Top Ten “Fluffy” Books

Of course, “fluffy” is not incompatible with “important”.

  1. The Long Way to a Small Angry Planet – Becky Chambers. Such a lovely, hopeful book: hopeful about our ability to live with each other, to treat each other with kindness and respect, to accommodate each other’s strangenesses. Like a warm hug in a post-Brexit world.
  2. Going Postal – Terry Pratchett. Like all Pratchett’s Discworld books, Going Postal‘s humorous hijinks conceal a core of humanity and quiet rage.
  3. Bridget Jones: The Edge of Reason – Helen Fielding. I don’t own the first Bridget Jones book, which is the only reason I list its sequel here: I’m much more familiar with it, and it still makes me laugh out loud. I think Bridget makes me feel a little less out of place, with her honest accounts of her mishaps and her embarrassments.
  4. Notes from a Big Country – Bill Bryson. This is a book of columns about Bryson’s move home to America; alongside Bridget, it’s one of those rare books guaranteed to make me laugh like a drain.
  5.  Angus, Thongs and Full-Frontal Snogging – Louise Rennison. …yes, I still go back to these occasionally.
  6. Northanger Abbey – Val McDermid. A retelling of Austen’s classic of the same name, it doesn’t quite ring true as a novel, but Cat’s adventures in Edinburgh are the literary equivalent of a box of Christmas chocolates – sweet and moreish.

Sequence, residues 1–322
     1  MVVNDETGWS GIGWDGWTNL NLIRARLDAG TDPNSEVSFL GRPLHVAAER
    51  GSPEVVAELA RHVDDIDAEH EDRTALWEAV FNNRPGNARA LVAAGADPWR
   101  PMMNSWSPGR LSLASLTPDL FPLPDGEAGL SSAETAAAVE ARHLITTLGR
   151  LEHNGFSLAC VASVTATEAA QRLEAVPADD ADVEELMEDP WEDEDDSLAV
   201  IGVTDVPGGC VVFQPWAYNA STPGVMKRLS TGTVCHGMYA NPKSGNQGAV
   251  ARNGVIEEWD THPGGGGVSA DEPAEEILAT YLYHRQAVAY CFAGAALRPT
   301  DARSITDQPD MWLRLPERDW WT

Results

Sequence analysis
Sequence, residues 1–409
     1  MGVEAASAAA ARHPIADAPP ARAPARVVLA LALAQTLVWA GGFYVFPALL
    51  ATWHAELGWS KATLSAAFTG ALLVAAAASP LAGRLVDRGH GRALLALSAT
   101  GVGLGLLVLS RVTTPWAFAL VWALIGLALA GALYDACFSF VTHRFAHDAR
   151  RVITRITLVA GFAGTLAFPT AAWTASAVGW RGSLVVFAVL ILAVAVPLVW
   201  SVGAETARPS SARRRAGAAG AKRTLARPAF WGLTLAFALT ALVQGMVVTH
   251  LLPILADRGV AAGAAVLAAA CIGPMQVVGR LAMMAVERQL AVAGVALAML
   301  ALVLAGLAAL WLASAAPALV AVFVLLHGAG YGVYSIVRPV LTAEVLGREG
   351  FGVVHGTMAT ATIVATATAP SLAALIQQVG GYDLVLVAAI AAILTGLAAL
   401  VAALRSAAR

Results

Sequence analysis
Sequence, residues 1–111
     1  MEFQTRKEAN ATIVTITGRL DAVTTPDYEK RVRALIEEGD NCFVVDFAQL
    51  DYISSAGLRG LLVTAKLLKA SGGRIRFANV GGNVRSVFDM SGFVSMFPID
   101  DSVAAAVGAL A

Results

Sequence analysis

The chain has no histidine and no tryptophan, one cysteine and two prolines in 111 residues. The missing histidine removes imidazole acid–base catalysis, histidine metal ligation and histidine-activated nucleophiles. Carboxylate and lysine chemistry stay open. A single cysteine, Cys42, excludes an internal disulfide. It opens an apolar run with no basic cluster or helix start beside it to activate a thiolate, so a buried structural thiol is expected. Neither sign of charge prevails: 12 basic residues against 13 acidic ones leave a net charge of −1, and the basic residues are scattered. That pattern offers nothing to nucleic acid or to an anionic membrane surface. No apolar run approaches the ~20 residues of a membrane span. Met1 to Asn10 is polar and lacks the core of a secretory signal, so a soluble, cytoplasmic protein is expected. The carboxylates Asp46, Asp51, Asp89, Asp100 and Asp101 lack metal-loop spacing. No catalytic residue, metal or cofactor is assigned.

7. Pride and Prejudice – Jane Austen. I rank this below McDermid’s Northanger only because, obviously, it’s far less easy to read. But I really do love P&P; I love its evocation of female life and romance; I love its wit and its sparkle. How does it fit in the “fluff” category? I’m not sure, but I find it comforting.
  8. The Guernsey Literary and Potato Peel Pie Society – Mary Ann Shaffer and Annie Barrows. Like Chambers’ book, this little novel is very much a hymn to the power of community. It’s just lovely.
  9. The Fault in Our Stars – John Green. I’ve gone off this quite significantly recently, mainly because of my increased scepticism around the Green brothers’ online personae, as well as the personae of famous Youtubers in general. But Hazel’s rather precocious voice and her dry wit does draw me in.
  10. Marked – P.C. and Kristin Cast. I’ve actually only read this first in the House of Night series; I go back to it occasionally when I just need some undemanding fantasy. It’s another confessional teenage drama, only with vampires. Something about that appeals to me.

(The theme for this post was suggested by the Broke and the Bookish’s weekly meme Top Ten Tuesday.)

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